The ruling regime in the UAE has used the help of foreign crew specialized in the production of documentaries to promote the country’s history in an attempt to compensate for its shortage complex.
The Emirati system aims to promote the “cultural heritage” of the country through a huge documentary series entitled “Emirates History” using techniques such as computer photography (CGI) and 360-degree photography.
The series claims that it dates back to about 125,000 years of the history of the Emirates land, knowing that the Emirates is a federal country established only 48 years ago.
The UAE system paid large sums of money in order to broadcast three episodes of the international version on “National Geographic” channel after a show on the local UAE channels.
The documentary series will be supervised by director Anthony Givin who agreed to the mission in exchange for large sums of money.
In the first episode, the documentary series examines the existence of human life in the Jabal Al-Faya (North-East) area 125,000 years ago, which is believed to be another way to migrate outside Africa.
It also deals with the first settlements 8,000 years ago on the island of Marwah, off the coast of the capital Abu Dhabi.
The documentary also addresses the presence of the British in the nineteenth and twentieth centuries in the region, which is rare to talk about.
The documentary series deals with various issues from the discovery of ancient archaeological sites, but it avoids touching on sensitive political topics such as the lack of political participation of citizens of the state and widespread arrests on the background of opinion.
The Emirati regime is trying to portray the country as a regional power and intervene militarily to do so in Yemen, Libya, the Horn of Africa and several other countries.
British academic Christopher Davidson says he widely views the UAE as “having no real history” compared to other countries that have a huge heritage in the region, such as Egypt, Iraq or Syria.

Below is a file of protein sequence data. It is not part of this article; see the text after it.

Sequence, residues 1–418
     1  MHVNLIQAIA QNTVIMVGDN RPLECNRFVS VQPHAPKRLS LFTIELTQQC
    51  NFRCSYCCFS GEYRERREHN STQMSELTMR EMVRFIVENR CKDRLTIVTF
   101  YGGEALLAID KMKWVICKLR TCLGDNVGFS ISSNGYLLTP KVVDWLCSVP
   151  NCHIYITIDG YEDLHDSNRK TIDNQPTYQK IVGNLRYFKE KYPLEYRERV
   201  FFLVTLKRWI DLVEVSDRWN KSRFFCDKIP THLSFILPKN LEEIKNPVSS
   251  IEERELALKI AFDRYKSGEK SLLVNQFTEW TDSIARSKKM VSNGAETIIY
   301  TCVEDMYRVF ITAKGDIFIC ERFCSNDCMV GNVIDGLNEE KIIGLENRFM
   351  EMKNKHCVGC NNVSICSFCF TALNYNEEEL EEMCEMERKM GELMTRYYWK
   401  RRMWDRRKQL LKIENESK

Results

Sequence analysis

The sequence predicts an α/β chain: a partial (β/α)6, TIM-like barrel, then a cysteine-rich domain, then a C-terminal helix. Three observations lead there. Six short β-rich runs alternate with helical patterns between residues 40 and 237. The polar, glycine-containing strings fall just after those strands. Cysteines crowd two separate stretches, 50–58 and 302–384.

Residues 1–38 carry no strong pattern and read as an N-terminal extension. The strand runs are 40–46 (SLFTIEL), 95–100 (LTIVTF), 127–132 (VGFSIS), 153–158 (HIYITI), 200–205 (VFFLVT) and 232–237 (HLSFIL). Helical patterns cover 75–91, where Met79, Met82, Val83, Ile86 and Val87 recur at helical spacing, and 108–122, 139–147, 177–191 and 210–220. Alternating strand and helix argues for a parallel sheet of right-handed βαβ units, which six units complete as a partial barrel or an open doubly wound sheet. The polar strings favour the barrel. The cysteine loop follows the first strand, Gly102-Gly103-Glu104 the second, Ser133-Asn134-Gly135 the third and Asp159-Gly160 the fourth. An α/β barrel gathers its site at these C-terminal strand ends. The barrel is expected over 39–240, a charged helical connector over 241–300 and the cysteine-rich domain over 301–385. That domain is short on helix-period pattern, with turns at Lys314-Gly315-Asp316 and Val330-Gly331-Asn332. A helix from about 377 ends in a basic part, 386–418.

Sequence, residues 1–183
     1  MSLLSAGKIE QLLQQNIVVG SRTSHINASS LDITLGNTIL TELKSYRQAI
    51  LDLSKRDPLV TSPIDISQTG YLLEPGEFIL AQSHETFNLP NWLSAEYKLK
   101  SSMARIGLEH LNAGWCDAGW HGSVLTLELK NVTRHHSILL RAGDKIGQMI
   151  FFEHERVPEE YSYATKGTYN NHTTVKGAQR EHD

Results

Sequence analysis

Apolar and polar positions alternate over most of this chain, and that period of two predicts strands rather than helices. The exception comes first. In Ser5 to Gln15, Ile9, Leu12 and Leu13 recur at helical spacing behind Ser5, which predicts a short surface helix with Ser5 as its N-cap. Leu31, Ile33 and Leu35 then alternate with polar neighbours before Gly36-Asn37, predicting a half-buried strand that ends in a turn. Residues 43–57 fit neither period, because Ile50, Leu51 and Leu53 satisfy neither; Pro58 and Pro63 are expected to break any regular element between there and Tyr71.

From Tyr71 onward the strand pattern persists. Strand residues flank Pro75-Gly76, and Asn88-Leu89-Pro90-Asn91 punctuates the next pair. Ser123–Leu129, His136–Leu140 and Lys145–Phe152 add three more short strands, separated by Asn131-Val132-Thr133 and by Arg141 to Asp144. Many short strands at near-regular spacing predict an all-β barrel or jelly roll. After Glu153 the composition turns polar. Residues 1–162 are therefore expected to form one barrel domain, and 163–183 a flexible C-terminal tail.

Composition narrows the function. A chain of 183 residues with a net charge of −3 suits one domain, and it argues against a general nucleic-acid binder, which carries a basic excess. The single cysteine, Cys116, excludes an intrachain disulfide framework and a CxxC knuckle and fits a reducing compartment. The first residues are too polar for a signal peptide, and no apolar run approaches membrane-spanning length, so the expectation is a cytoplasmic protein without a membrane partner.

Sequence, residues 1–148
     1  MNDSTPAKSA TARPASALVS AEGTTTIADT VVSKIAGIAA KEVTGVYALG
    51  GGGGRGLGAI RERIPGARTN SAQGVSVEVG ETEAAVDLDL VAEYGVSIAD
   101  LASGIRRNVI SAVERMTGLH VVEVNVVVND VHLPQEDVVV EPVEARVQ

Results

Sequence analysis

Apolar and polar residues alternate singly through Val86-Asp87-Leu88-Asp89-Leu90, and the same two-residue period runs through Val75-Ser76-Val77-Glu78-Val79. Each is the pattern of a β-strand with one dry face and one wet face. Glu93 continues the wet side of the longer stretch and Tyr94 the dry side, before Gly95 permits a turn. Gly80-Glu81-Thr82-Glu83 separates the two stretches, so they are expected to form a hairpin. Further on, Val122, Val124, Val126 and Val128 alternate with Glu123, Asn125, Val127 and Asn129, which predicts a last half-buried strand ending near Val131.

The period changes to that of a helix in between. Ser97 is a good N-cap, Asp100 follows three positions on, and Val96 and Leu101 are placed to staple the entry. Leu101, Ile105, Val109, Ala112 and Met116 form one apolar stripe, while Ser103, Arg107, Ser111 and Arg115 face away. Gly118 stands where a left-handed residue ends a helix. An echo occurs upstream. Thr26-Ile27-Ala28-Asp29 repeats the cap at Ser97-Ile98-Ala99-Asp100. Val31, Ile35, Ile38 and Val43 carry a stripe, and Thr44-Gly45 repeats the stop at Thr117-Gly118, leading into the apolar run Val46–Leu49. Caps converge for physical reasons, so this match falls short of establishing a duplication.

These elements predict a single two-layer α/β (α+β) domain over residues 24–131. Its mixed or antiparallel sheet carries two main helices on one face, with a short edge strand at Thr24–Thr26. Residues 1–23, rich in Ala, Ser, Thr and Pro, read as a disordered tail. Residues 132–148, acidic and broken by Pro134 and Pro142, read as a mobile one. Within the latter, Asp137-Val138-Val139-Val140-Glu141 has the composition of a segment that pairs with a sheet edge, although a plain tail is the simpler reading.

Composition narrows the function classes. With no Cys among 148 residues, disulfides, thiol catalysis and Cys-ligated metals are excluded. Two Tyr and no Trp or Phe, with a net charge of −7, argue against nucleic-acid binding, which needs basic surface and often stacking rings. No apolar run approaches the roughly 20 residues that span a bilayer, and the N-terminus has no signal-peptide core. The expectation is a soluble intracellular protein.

As for the researcher at the Institute of European Council on Foreign Relations, Chinazia Bianco, she says that on the international scene, the historical presence is an important element “in changing the self-image and the perception of the Emiratis to themselves.”
According to Bianco, this is “very important for the leaders of the Emirates because they want to complete this process from moving from a limited to a moderate force.”
Over the years, the UAE has been involved in looting and stealing antiquities from Arab countries, especially Egypt, Iraq, Yemen and Syria, with a view to promoting them in its museums and overcoming several deficiencies in its history.
In the Louvre Abu Dhabi Museum, the UAE displays stolen and smuggled antiques, part of which was sold to Abu Dhabi through gangs smuggling antiquities related to some terrorist groups in an expression of the status of their rulers, their contempt and their involvement in illegal practices.
The new version of the Louvre-Abu Dhabi, which gave France the green light, is seen as a distorting factor for the great Louvre edifice in Paris, in a step without value aimed at polishing the image of the UAE and its authoritarian and repressive regime.